How to Identify Your Business’s SEO Needs in Just 3 Steps

Jesse is an Online PR Specialist and has a passion for DIY projects.

In a nutshell, search engine optimization helps any online property – such as an ecommerce store or digital news publication – receive more traffic, brand recognition, and revenue. These are the general end goals for an SEO campaign.

To an SEO professional, once we start unearthing a website it becomes dramatically clear which  areas need attention. Maybe a business that sells armchairs in Anchorage isn’t showing up in Google when people from Anchorage search for armchairs. That’s a massive pain point and becomes a priority SEO need.

However, the owner of this armchair store in Anchorage most likely has slim knowledge of the SEO world and how to figure out the steps needed to start ranking for their most important search terms.

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Fortunately, identifying these needs – the SEO pain points your online business or service has – can all be uncovered rather quickly. Here is an easy-to-follow guide to help you check your SEO and identify these needs in just three steps:

Step 1: Have a robot take a look at your website

Crawlers are bots that take care of the legwork involved with a basic SEO analysis of a website. There are tons of crawlers on the Internet, but many are outdated. I recommend using one of our free SEO crawler report tools.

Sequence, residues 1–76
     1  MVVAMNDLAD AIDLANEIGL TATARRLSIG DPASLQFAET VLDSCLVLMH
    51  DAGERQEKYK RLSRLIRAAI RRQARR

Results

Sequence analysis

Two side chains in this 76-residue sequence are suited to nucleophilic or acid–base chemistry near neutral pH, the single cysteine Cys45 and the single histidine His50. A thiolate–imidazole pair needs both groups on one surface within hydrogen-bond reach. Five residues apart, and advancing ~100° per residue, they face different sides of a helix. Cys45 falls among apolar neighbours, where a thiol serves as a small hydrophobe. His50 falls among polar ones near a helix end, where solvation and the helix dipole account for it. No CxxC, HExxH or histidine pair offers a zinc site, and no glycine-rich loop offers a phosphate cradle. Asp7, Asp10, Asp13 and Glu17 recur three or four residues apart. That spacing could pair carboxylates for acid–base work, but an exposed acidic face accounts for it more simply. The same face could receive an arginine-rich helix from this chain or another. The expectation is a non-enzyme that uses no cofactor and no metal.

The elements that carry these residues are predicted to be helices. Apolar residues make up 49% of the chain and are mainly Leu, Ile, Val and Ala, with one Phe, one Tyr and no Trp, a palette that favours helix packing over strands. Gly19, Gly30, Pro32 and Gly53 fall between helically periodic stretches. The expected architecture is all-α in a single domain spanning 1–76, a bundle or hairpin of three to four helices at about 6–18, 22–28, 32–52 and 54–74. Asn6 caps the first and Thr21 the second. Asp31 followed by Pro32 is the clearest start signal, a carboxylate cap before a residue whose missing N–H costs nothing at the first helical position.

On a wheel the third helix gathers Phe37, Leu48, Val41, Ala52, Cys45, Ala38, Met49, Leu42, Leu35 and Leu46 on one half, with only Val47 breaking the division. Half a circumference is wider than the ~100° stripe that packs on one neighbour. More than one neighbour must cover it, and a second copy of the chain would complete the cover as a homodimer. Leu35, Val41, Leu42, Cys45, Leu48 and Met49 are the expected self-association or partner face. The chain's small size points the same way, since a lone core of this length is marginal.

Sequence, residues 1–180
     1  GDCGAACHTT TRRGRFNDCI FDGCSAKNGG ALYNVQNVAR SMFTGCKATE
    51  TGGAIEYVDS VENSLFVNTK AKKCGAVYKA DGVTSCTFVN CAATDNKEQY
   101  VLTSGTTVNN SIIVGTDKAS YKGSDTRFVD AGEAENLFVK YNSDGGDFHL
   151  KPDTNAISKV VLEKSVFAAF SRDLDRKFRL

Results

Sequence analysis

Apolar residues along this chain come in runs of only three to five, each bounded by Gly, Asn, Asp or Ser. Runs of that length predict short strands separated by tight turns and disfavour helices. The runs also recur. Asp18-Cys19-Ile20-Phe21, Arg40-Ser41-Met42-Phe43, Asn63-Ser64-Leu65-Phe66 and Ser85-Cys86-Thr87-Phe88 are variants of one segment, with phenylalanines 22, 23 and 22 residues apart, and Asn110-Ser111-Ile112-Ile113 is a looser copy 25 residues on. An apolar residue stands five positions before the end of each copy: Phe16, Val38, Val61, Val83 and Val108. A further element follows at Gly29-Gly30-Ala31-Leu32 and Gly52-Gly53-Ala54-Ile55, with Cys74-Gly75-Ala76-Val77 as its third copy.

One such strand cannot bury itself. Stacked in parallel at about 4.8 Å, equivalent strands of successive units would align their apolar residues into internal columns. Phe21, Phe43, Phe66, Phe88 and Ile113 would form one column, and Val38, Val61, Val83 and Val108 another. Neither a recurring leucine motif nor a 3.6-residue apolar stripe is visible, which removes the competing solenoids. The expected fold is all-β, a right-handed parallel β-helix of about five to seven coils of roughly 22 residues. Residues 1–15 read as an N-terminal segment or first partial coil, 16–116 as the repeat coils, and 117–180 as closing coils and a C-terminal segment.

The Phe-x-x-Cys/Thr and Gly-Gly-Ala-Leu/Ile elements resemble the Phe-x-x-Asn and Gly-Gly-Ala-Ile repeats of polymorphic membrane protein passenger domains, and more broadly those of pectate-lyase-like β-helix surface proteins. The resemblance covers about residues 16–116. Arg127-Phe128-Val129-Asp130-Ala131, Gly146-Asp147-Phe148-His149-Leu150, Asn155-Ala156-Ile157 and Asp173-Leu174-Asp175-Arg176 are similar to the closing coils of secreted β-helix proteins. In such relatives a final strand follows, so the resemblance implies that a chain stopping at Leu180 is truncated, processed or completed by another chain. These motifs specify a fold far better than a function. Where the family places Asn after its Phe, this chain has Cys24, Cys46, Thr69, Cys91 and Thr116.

social media mentions

This will give you a detailed report on the status of critical SEO needs, with each area given a score. The areas cover:

  • Search Traffic: the amount and quality of traffic your website is receiving.
  • Organic Keywords: the amount and ranking of organic keywords your site pushes.
  • Your estimated PageRank, Domain Authority, and Page Authority: These ratings are basically a measurement of the popularity and power of your website.
  • Inbound Links: the amount of other sites that link to your website. Links are a huge part of SEO and the longevity of your website and sustainability of your rankings.
  • Social Mentions: the amount of times people and brands have mentioned your website on a social media channel.
  • Keyword Page Density: this takes a look at how you leverage your primary keywords on the page you test. A bad score here means you need to make it a priority to include your primary keywords more often.
  • Title Tag: the text that shows up at the top of your window when you look at a webpage and in the big blue links that Google uses in their search results. A poor implementation of title tags can dramatically reduce the click through traffic and overall traffic your website receives because users are confused about what your page is really offering.
  • Top Anchor Text Keywords: the keywords that are most often used to link to your website. Ideal keywords would be a mix of your brand and your primary keywords (such as “Anchorage Armchair Company”)
  • A few more insights about the type of content you’re using on your website such as images and the age of your website.

How did your website stack up? Areas that received a poor or fair rating are a good place to start in your SEO efforts.

Step 2: Have a human look at your website

After letting a crawler check out your website, it’s time to put a pair of human eyes on the beat.

Ideally, you’d want to use or simulate the search queries a potential customer would use. For example, a person in Anchorage that wants to buy an armchair would mostly likely use one of the following terms: “buy an armchair”; “armchairs”; “armchair stores in anchorage.” They might want cheap armchairs or a specific type of armchair.